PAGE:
Doing the Charleston

While current residents of Charleston, South Carolina will likely point out their status as “one of the best cities in the world“, my first impression was of slavery.

It would be hard not to get that impression. But why?

When my wife and I opted to visit Charleston, rather than wandering aimlessly around town with only a vague idea of where we were going and no idea about the background, we hired a local guide for a walking tour.  We were to meet up next to the Old Exchange and Provost Dungeon. While we waited for the guide, the first thing we saw was a sign.

On it, we were told that starting in the early 1700s, Charleston was once one of the largest slave trading cities in the country.  When our guide showed up, that was the first thing he addressed.  Of the estimated 400,000 Africans transported to North America for sale as slaves, 40% are thought to have landed at Sullivan’s Island off Charlestown.  Most were bought and sold within a few blocks of the Old Exchange.  Up until the 1980s African Americans were the majority in the Charleston area.

But despite a steady rain arriving shortly after our guide, we were out to see and learn more.  I’ve forgotten most of what the guide said from that afternoon eight months ago, but I’ll augment with Internet research.

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The Pink House.  It’s the oldest stone building in Charleston, built in the early 1700s, when it started life as a pub.

Our guide started by describing “Single” houses.  Long and skinny, they’d run one room wide and two high with a long porch (piazza) on the south or west side, to take advantage of the prevailing winds.  Charleston has a very warm, muggy climate and air conditioning would be a fantasy for most of its 350-year history.  The guide went on to suggest that this layout was to avoid taxes based on street front footage, but research says this is a myth.  It’s really based on how the city lots were platted.

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Single House

Of course, there are other styles as well.  This one was the late boyhood home of comedian Stephen Colbert.

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And others just caught my eye.

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No telling what this one was catching…

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Rainbow Row is an iconic section of the old town.  This street was originally commercial waterfront built around the 1770s, but landfill has the buildings well back from the waterfront now.  A major fire in 1778 took out many of the original buildings.  After the Civil War the area had deteriorated into a slum, and it wasn’t until the 1930s that restoration and the pastel rainbow color scheme began. The buildings are now very upscale residences.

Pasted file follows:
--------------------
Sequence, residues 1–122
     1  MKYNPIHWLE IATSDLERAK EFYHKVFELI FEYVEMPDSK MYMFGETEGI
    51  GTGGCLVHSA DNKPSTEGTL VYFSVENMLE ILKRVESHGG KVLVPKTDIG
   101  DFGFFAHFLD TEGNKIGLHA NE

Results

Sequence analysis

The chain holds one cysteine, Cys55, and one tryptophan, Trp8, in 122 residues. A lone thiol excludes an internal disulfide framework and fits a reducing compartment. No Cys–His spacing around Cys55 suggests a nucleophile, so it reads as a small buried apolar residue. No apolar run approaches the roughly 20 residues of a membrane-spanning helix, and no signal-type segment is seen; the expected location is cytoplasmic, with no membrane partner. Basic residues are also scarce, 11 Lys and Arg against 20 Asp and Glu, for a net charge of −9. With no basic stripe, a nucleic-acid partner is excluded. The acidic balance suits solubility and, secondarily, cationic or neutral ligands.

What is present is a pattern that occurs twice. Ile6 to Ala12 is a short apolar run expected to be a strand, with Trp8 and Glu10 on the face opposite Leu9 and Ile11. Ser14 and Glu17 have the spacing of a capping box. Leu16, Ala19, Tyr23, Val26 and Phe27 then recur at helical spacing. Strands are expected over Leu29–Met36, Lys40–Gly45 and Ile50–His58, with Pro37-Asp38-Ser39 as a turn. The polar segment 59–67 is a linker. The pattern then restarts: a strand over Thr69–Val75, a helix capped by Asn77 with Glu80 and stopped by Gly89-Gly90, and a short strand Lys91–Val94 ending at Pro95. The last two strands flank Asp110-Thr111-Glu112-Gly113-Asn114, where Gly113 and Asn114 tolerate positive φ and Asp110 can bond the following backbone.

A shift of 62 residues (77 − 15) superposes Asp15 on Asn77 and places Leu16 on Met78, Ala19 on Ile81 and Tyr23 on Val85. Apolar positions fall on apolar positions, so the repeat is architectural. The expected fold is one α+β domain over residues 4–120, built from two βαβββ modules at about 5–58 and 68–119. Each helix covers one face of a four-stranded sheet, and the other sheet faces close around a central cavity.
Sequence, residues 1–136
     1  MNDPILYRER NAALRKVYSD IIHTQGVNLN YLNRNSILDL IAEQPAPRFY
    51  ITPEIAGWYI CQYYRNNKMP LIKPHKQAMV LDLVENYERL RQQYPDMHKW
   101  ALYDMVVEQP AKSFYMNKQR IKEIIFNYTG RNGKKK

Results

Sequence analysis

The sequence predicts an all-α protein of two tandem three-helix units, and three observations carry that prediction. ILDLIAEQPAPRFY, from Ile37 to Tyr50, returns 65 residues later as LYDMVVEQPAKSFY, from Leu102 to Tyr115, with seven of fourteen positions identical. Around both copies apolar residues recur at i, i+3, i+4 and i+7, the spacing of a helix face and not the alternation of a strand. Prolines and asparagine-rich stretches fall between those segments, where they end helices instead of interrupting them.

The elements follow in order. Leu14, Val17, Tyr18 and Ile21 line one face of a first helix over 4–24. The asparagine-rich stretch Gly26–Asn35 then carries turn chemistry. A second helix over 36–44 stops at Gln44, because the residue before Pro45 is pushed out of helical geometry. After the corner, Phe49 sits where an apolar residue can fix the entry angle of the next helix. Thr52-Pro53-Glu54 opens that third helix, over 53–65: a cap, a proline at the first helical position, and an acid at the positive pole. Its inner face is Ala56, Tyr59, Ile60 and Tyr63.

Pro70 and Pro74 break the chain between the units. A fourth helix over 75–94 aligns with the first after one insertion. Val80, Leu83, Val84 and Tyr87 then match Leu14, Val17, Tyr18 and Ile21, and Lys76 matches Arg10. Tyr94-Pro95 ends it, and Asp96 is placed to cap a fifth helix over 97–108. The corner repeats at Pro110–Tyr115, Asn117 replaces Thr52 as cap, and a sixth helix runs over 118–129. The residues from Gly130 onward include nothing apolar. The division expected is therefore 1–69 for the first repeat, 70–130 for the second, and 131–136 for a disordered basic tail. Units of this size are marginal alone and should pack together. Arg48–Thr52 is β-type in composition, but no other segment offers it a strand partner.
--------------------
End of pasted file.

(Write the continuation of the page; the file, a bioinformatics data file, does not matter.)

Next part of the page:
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The Dock Theater sits upon the site of the first purpose-built theater in the original 13 colonies, with that theater’s first performance in 1736.  The original building was probably destroyed in a major fire in 1740.  In 1809, they built the current building as the Planters Hotel. After the Civil War this area also fell into disrepair, and they slated the hotel for destruction. But in 1935 the building was donated to the city, and its restoration became a Works Progress Administration project.  The shell and foyer were retained, and the remains converted back into a theater.

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In 2010, another major renovation took place, giving the current version. The current version also gave us a chance to escape from a growing downpour.

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The stage was bare and boring, being between performances.  But the interior was still nice.

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St. Michael’s Church also gave us a chance to escape from the rain.

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St. Michael’s is the oldest surviving religious structure in Charleston. It was built in the 1750s.  During his 1791 visit to the city, President George Washington worshipped in pew no. 43 of the church.  Robert E. Lee also worshipped here.

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St. Michael’s Churchyard, adjacent to the church, is the resting place of some famous historical figures, including two signers of the U.S. Constitution…

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… and this surgeon, who was born about the same time as the United States.

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Speaking of George Washington, he seems to be highly regarded.  Here we find a monument to him, in a park bearing his name.  (Note to foreign visitors, George Washington was the first American president.)

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Of course, we also find a monument to General P. G. T. Beauregard.  General Beauregard was a major Civil War hero, if you happen to root for the Confederate side.  And historically there’s no shortage of Charlestonians that did.  The Civil War, in fact, started here.

On April 12, 1861, Confederate artillery opened fire on Fort Sumter, a sea fort located in the Charleston harbor.  This was not entirely unexpected, as South Carolina had become the first state to secede from the United States on December 20, 1860.

The reason?

Slavery.

It gave the rich and powerful in the South, and particularly in Charleston the source of their riches and power.  They were, in effect, the 1% of their time, controlling the majority of the economy and wealth of the region.  Whites who didn’t own slaves weren’t much better off than slaves financially, all they had was their freedom.  But for them it was an important difference, signifying that they too had power.